Do You Suffer from Syndrome X?
Syndrome X isn’t some exotic threat used by a villain in a James Bond movie. It’s a disease state that puts you at risk for major heart complications. That’s the bad news. The good news is that you won’t need a world class spy to help treat it.
Metabolic syndrome is another name for Syndrome X. Thanks to our rising obesity epidemic, it’s become a new age disease that wasn’t even heard of hundreds of years ago. But it is real and should be considered very dangerous. Unlike other problems in the body, metabolic syndrome requires you to deal with a whole host of problems all at the same time.[image_frame style=”framed_shadow” align=”center” alt=”Getting rid of belly fat can help deal with syndrome x”]https://iamupperechelon.com/wp-content/uploads/2016/11/Fat.jpg[/image_frame]
You can become diagnosed when your body meets any three of the following five criteria: abdominal obesity as measured by your waist circumference (there’s different standards for men and women), high blood pressure, elevated blood sugar, high triglycerides (the amount of fat in your blood), and high cholesterol. Many people have one or two of these ailments, but having all five at the same time basically creates an alliance of disease that can lead to heart disease. Hence the menacing name Syndrome X.
While each disease is different from one another, they tend to feed of each other. Meaning that having a large amount of fat in your blood can lead to high cholesterol. Have those two for a while and you can end up with clogged arteries; now your heart has to work harder to pump blood and you now have high blood pressure. You can see how the complications can add up.
The old school recommendation for getting your health on track was to simply limit the amount of fat in your diet. That was back in the good old days. In today’s day and age, there’s an understanding that certain types of carbs can lead to heart disease too. According to Dr. Johnny Bowden, a high fructose diet (fructose can be altered to sweeten junk food and is even found in sporks drinks and condiments) can raise your triglycerides, even more so than dietary fat. That’s not to say that it’s okay to eat slabs of bacon, but treating disease isn’t as simple as just “don’t eat X.”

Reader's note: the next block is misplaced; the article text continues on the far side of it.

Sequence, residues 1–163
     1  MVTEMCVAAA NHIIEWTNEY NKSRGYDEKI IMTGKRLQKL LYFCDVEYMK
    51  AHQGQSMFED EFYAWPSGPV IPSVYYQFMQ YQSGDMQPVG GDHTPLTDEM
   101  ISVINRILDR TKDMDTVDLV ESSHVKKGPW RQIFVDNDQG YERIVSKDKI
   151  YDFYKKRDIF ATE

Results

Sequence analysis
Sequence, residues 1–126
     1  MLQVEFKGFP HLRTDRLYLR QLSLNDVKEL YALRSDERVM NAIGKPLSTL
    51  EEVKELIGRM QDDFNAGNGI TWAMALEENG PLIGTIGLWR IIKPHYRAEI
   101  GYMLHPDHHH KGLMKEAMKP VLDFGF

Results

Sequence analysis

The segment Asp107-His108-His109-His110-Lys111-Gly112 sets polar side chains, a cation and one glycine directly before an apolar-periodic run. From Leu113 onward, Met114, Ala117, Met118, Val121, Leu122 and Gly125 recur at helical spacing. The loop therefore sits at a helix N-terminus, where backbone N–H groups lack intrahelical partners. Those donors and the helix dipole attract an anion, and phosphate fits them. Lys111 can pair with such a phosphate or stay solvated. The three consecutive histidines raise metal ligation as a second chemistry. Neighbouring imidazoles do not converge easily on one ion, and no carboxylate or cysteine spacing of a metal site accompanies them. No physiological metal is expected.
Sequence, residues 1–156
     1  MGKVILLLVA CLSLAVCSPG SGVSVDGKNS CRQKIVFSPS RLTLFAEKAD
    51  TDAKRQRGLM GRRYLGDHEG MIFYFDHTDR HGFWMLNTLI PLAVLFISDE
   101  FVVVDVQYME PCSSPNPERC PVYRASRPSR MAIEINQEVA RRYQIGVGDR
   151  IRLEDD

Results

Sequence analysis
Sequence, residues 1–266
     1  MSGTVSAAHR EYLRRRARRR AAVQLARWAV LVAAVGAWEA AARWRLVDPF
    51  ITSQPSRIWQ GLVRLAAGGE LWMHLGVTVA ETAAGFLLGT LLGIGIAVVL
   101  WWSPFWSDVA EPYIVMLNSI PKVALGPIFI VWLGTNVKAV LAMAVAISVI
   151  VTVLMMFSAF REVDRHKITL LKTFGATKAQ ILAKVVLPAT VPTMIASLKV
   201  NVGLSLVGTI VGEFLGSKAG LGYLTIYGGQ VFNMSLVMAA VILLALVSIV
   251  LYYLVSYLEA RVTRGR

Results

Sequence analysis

While everyone should work with their physician to deal with health issues, one of the ways to help deal with metabolic syndrome is to reduce the fat found in your abdominal area. Excessive fat around your stomach can cause your organs to go haywire. Your pancreas and liver want room to breathe, so suffocating them with stored fat is a surefire way to get them to throw in the towel.
One of the best ways to rid yourself of belly fat is through interval work. An interval workout is simply altering high intensity work with low intensity recovery. As a personal trainer, it’s my “go-to” workout for getting clients in shape. It’s hard, but it breaks the monotony of just mindlessly jogging on the treadmill while attacking your body’s fat stores. Case in point: when subjects performed 8 seconds of hard work on a cycle, they lost belly fat (1). This was compared to a group that did non-stop exercise (think running on a treadmill) and lost nothing. Interval exercise is also great for your health- diabetics that did 60 seconds of hard work paired with 60 seconds of recovery had a 10% decline in their resting blood sugar (2). You can read more about interval training on the UEFP website.
Syndrome X is definitely nothing to play around with, but don’t let the menacing name psych you out. Regular check-ups with your physician along with a sound interval training program can be your allies against this dangerous disease.[toggle title=”References“]
1. Irvin, BA., Davis, CK., et al. “Effect of Exercise Training Intensity on Abdominal Visceral Fat and Body Composition.”(2008) Medicine and Science in Sports and Exercise. 40(11):1863-1872.
2. Little, J.P., Gillen, J.B., et al. “Low Volume High Intensity Interval Training Reduces Hyperglycemia and Increases Muscle Mitochondrial Capacity in Patients with Type 2 Diabetes.”(2011) Journal of Applied Physiology.(111): 1554-1560 [/toggle]